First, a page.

Our new season is now open: Spring 1677 !
- “Like blood, like good, and like age make the happiest marriage.”
At the age of seven, a girl could be betrothed, and at twelve, she could be married. A boy had to wait until he was fourteen years old to legally wed. Upon marriage, the man and woman became one; that is to say, he took over the legal responsibilities of her father , and, with the exception of certain criminal acts she might commit, was entirely responsible for her. All that had been hers was now his, and he was allowed by law the "reasonable correction" of his wife's behaviour, should he deem it necessary. The new bride was, at the end of the wedding ceremony, along with every other married woman in attendance, reminded:
- "Ye wives, submit yourselves to your husbands ... be in subjection to your husbands."
While a woman could legally refuse to marry a man that her father or guardian had selected this was often very difficult, because she would be pressurized by the family of both sides. Vice versa if she wanted to marry a man but her family (most notably her father or guardian) was opposed she would have to wait till she was of age. In our game that is 21 years of age both for men and women.
Once one was betrothed, on paper or by doing so in front of witnesses, that was a binding legal contract that was almost as strong as a marriage contract. In affluent families, and certainly amongst the gentry, where more than money was at stake, marriage negotiations often took several months. This was generally conducted between the prospective betrothed couple's fathers/guardians, or between the woman's father/guardian and the prospective groom. Marriage, for the gentry, was a matter both of finance and dynasty, and perhaps also politics.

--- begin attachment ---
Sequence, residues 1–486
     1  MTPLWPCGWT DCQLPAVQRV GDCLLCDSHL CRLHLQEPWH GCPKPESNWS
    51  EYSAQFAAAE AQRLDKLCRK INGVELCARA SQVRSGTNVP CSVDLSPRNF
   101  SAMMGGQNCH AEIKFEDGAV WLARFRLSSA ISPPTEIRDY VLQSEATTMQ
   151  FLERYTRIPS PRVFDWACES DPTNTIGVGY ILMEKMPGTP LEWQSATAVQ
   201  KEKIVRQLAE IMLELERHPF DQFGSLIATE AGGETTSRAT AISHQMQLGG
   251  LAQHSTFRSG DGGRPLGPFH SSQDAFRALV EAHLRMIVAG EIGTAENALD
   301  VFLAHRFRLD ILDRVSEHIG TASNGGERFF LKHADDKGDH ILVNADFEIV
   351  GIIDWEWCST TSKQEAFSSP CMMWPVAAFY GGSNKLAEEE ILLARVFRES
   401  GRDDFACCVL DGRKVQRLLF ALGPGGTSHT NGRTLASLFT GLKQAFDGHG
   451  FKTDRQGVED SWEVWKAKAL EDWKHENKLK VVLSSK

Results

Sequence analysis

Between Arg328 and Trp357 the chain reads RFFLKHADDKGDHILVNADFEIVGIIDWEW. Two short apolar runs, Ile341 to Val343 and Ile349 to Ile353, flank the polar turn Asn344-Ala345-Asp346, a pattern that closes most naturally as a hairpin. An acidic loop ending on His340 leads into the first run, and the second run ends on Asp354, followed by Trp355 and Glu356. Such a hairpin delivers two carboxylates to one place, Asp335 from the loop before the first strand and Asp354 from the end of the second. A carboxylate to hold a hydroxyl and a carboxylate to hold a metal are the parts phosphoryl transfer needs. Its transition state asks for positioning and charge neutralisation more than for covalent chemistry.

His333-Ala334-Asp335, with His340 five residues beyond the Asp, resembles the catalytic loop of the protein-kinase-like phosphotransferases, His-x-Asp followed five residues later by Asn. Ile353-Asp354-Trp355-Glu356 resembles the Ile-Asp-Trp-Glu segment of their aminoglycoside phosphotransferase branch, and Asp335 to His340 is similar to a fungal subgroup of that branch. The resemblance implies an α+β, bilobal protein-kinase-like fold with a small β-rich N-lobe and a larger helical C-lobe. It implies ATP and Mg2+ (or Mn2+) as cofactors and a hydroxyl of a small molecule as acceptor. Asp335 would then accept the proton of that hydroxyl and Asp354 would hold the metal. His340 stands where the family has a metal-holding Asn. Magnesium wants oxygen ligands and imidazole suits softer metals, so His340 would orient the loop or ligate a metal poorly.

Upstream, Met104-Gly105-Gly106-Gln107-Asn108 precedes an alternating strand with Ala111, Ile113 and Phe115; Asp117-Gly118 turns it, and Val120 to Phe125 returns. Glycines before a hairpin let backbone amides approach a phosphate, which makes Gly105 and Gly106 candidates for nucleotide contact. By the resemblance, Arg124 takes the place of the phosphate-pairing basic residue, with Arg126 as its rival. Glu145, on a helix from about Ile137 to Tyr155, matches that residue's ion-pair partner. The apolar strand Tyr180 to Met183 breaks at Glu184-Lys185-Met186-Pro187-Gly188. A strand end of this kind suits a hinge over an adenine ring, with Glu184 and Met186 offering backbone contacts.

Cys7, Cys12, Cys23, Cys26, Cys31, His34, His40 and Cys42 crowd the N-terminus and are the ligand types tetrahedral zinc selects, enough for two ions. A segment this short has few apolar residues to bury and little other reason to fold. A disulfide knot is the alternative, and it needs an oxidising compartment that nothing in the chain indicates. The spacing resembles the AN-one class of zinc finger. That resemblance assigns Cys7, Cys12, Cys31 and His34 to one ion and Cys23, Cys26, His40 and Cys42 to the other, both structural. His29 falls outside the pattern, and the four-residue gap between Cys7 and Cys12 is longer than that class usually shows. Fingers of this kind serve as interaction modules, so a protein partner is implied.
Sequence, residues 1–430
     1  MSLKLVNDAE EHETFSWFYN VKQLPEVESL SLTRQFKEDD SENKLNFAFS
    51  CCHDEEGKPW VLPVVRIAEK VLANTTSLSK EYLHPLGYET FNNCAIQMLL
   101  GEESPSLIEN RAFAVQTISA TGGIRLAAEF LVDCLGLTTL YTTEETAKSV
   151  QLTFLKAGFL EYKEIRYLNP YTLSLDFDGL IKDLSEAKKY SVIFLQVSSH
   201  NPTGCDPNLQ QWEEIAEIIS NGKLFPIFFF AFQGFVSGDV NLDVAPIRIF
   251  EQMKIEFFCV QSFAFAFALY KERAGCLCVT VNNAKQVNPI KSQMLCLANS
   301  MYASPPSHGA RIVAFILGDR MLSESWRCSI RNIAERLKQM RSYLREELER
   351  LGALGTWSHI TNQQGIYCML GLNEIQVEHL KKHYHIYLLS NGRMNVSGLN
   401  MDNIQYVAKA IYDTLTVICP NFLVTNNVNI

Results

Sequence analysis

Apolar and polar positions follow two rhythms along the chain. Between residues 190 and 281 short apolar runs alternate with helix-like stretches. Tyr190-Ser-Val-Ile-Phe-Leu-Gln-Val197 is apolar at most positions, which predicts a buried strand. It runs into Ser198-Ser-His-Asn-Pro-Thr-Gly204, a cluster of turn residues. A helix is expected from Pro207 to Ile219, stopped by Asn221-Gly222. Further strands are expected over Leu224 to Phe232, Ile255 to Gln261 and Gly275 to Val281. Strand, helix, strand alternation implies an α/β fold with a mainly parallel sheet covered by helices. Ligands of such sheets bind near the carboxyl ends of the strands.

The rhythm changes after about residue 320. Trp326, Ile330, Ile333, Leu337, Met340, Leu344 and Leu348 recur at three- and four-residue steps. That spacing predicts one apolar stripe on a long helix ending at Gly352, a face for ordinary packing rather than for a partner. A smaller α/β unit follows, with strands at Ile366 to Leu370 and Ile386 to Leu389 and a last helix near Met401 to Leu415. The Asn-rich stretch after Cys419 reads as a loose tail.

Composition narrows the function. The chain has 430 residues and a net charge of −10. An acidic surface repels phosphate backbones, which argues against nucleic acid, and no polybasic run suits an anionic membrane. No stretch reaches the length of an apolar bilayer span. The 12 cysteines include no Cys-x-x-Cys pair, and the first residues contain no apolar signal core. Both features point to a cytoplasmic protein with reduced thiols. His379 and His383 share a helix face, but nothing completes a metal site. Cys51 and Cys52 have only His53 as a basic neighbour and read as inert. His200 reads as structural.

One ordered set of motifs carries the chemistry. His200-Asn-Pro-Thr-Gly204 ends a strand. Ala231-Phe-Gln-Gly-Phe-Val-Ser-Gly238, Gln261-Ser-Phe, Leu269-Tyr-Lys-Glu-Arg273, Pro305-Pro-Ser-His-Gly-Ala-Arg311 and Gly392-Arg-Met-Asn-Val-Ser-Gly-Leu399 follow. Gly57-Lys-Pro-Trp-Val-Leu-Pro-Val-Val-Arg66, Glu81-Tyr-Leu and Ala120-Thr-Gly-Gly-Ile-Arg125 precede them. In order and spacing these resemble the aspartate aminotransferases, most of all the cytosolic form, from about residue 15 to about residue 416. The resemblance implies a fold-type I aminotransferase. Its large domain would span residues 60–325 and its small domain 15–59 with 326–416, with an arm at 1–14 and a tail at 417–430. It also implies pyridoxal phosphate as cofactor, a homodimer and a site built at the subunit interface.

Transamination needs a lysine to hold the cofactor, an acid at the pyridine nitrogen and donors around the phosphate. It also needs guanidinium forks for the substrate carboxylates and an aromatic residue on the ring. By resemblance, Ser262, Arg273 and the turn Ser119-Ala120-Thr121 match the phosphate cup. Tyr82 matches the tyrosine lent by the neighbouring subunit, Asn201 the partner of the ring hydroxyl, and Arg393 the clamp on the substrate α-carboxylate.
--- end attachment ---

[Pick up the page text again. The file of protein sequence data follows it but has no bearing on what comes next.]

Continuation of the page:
In order to discourage bigamous or otherwise invalid marriages, banns were announced in the parish of both the prospective bride and groom, on three consecutive Sundays.
Still, the traditional church wedding was not the only option for a valid, legal marriage. A 'special licence' could be had from the bishop of the diocese, that would allow for more immediate and less publicized nuptials. This required only two witnesses to the ceremony.
Lawful marriage did not require church blessing, although marriage by the Justice of the Peace that was the standard during the Interregnum was disallowed on the Restoration. In fact, all that was required was a declaration in the present tense by both parties to the marriage that they took one another in wedlock. Even a declaration in the future tense, if it was consummated, was valid. This was the common form of marriage among the poor and among the Quakers.
There were also clandestine marriages performed by clergy who would happily do the duty for a suitably large fee. This was known to occur at the Fleet Street Prison, where more than one young heiress awoke the next morning with a hangover and a new husband.